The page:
The accidental shutterbug

Falling into photography by chance has taken a French journalist all over the globe

Raphael Sachetat is a man of many talents. As well as photographing international badminton tournaments, he also writes about technology for a string of publications. For the last decade, the Frenchman has worked as a columnist for Les Echos, an economic newspaper for which he writes about high-tech gadgets.

While capturing the candid moments of some of the world's best badminton players, he has managed to travel the world.

"I began my journalism career as a general reporter at a local newspaper in Paris, moving to sports photography very much by chance," said Sachetat.

"While covering a badminton event for the first time for the International Badminton Federation website - which back then was called Badminton World Federation - I realised there weren't any sports photographers covering the event. So apart from filing my daily report, I took the initiative to photograph the players in action.

"I invested in a small digital camera (800,000 pixels) and began selling photos of the tournaments I covered from then onwards. This was during the beginning of the digital era."

As Sachetat's clients increased, he began investing in more advanced camera technology and taking night classes in photography to pave a better career path for himself. On-the-job training also helped him to carve a niche in the profession.

One of the most memorable tournaments for the Frenchman was the 2004 Athens Olympics, his first Olympics as a photographer.

"The most fond memory I had was when I made a friendly bet with Indonesian ace player Taufik that he would clinch the gold medal," Sachetat said. "To cut a long story short, he did indeed reach the finals, and when he won match point to become Olympic champion, he came and hugged me, whispering in my ear, 'You were right, I won!'."

Sachetat said he has great admiration for Thai badminton players because they demonstrate mutual respect for their opponents. Thai coaches also do a good job in developing the talents of their players at a pace that best suits them, he observed. Unlike countries such as China, which expects their players to become unbeatable machines, Thai coaches understand the psychology behind building up their team members.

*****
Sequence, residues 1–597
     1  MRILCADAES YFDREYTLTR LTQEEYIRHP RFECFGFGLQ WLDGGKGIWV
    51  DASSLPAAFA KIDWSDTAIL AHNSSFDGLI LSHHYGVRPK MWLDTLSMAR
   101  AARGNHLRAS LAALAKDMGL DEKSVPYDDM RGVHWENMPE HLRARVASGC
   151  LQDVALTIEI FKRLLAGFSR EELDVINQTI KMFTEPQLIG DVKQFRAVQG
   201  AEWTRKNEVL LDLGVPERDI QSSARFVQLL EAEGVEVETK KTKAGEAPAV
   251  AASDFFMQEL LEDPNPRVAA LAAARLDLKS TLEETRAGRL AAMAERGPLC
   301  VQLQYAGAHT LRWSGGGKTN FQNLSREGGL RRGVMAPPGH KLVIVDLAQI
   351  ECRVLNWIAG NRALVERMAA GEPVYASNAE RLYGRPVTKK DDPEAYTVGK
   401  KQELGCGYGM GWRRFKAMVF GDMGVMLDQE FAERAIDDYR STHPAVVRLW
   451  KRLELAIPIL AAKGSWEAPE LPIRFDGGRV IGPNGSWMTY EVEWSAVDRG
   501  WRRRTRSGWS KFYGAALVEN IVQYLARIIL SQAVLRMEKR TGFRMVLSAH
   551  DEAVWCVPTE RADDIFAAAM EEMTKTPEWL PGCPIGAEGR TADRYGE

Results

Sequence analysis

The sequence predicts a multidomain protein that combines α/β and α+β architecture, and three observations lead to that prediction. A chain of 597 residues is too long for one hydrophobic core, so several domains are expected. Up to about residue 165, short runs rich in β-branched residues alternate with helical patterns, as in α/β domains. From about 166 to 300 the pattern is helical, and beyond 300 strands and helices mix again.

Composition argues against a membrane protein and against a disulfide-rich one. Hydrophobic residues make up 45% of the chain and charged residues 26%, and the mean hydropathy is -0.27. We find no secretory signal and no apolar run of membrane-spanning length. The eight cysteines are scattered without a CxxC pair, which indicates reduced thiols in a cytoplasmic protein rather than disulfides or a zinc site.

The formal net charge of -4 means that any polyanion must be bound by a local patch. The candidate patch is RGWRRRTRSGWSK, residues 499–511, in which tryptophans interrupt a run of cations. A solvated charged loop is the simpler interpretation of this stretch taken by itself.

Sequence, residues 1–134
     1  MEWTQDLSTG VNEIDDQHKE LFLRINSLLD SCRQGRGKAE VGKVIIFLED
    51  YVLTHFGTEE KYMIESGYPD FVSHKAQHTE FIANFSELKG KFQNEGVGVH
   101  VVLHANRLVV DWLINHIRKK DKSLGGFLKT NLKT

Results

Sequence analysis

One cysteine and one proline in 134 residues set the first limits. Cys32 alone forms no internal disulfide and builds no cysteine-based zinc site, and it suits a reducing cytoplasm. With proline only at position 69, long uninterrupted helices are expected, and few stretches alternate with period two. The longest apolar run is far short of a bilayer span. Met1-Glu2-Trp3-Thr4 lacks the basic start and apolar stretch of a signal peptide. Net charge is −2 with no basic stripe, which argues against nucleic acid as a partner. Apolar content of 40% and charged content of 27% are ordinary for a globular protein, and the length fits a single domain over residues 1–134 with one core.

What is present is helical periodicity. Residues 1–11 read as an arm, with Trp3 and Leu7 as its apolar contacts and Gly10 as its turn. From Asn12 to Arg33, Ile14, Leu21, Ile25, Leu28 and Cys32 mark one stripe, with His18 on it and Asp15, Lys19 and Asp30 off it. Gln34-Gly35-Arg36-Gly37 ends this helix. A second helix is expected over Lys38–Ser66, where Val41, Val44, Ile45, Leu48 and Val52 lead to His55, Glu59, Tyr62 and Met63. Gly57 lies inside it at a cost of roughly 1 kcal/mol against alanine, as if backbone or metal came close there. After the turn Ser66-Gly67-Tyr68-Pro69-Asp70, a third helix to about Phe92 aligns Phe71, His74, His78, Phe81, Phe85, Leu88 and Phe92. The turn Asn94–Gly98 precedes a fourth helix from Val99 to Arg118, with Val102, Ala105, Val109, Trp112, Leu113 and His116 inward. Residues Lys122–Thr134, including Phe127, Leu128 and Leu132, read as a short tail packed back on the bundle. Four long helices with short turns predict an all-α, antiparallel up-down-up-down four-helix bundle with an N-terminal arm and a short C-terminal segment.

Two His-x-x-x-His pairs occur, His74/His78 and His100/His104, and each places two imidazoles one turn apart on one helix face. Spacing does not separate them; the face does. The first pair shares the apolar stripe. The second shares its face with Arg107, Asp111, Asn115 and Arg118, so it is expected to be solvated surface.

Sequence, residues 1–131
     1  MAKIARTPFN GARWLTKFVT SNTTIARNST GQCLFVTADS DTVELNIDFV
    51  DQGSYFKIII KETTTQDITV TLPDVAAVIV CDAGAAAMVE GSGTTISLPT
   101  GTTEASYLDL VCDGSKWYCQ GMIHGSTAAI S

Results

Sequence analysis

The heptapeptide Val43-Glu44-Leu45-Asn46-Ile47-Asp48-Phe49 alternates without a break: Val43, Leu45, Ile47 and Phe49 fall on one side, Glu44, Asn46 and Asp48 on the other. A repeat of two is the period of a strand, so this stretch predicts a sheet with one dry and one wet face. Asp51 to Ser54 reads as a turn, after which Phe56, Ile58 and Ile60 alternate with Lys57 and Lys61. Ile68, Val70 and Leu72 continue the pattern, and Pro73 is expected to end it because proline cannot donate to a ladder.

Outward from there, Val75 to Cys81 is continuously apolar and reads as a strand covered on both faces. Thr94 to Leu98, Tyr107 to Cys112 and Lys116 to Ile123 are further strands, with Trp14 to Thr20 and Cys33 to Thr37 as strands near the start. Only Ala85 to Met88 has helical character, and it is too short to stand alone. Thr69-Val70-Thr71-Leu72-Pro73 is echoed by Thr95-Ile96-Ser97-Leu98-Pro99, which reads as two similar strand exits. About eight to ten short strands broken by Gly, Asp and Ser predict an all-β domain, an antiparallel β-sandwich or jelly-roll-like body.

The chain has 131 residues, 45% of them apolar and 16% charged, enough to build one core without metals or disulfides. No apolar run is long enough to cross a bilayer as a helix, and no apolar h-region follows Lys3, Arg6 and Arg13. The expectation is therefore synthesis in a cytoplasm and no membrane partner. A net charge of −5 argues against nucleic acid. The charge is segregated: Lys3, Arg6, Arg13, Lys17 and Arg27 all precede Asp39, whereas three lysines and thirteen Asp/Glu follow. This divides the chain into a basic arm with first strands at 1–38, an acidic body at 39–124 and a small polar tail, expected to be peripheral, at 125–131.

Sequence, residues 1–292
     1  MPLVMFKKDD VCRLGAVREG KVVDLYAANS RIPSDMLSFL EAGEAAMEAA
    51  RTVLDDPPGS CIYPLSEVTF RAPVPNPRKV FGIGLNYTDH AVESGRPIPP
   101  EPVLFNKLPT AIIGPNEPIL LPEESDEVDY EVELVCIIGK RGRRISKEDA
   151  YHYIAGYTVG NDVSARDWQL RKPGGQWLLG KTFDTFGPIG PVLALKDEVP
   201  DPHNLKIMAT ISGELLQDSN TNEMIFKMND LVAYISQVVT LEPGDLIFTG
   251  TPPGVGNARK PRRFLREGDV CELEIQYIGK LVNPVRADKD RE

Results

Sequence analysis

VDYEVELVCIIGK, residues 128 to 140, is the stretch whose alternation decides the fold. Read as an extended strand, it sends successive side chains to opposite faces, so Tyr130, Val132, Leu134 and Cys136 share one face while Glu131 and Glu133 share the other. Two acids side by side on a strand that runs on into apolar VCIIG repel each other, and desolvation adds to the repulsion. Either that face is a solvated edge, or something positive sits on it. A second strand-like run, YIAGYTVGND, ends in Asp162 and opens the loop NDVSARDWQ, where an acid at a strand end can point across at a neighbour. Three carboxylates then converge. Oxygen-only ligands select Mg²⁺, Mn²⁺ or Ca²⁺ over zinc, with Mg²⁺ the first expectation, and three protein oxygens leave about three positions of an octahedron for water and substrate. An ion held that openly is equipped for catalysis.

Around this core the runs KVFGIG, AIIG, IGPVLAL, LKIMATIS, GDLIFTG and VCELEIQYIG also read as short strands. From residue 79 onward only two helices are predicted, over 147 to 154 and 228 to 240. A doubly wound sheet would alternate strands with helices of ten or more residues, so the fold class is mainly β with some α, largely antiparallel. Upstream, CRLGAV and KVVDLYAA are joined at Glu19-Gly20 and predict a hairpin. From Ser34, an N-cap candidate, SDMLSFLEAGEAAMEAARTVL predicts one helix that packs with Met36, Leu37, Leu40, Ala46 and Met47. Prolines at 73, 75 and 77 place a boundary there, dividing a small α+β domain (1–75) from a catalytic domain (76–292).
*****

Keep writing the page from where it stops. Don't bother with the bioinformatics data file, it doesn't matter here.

Sachetat has high regard for local talents Sudket Prapakamol and Boonsak Ponsana. As for Ratchanok Inthanon, who had a successful run of form during the London Olympics, despite missing out on a medal, the photographer bets his last dollar she will win gold at the next Olympics in Rio de Janeiro.

Sachetat has also started a charity called Solibad (http://www.solibad.net). Explaining its philosophy, he said: " Solibad brings together the badminton community to collect funds to initiate projects involving needy children in different parts of the world."

The photographer's travels have taken him to a host of countries, including Thailand. Here, Sachetat shares local destinations he would love to capture on camera.

Koh Phi Phi has wilderness and beautiful sea to photograph. In my opinion, it is not as crowded with tourists as islands closer to Bangkok. It also has ample places to chill out and even go scuba diving. Apart from the amazing white sandy beaches, I find the rock formations rising from the turquoise waters that surround the smaller islands a sight to behold. It really feels like paradise on Earth. PHOTO: PEERAWAT JARIYASOMBAT

Koh Samui. I visited the beautiful island for the first time as a teenager. I have always found it to be a great spot for both partying and also recharging the batteries from the stress of city life at secluded beaches where I can just enjoy being close to nature. It has a host of eye-catching temples and nature to photograph, especially the Big Buddha, a famous landmark, which I recall vividly and enjoy capturing on camera. PHOTO: SURAPHONG CHAOLAN

Bangkok also has an interesting number of temples that make subjects for a good photo shoot. Temples such as Wat Pho are always nice to photograph for their architecture and sparkling beauty. It is a real delight to experience the sights and sounds of temple life. PHOTO: APICHART JINAKUL

Chiang Mai is the [best place] for capturing trekking in the wild. I love the rainforest. Photographing wild animals going about their business would be truly amazing, but equally amazing would be to visit ethnic communities. I would be interested to observe their reactions when they see a caucasian like myself. It's always great to use digital cameras in this case as they love to see themselves on the screen. PHOTO: GOMASE THEENANON

Pak Khlong Talat, a Bangkok flower market, is one destination I enjoy visiting for its variety of eye-catching blooms. It serves as a great source of colour and inspiration for photographers. The sweet smell of flowers that come in huge quantities and different shapes are great to capture, especially with a micro lens. PHOTO: JETJARAS NA RANONG

About the author

columnist
Writer: Yvonne Bohwongprasert
Position: Reporter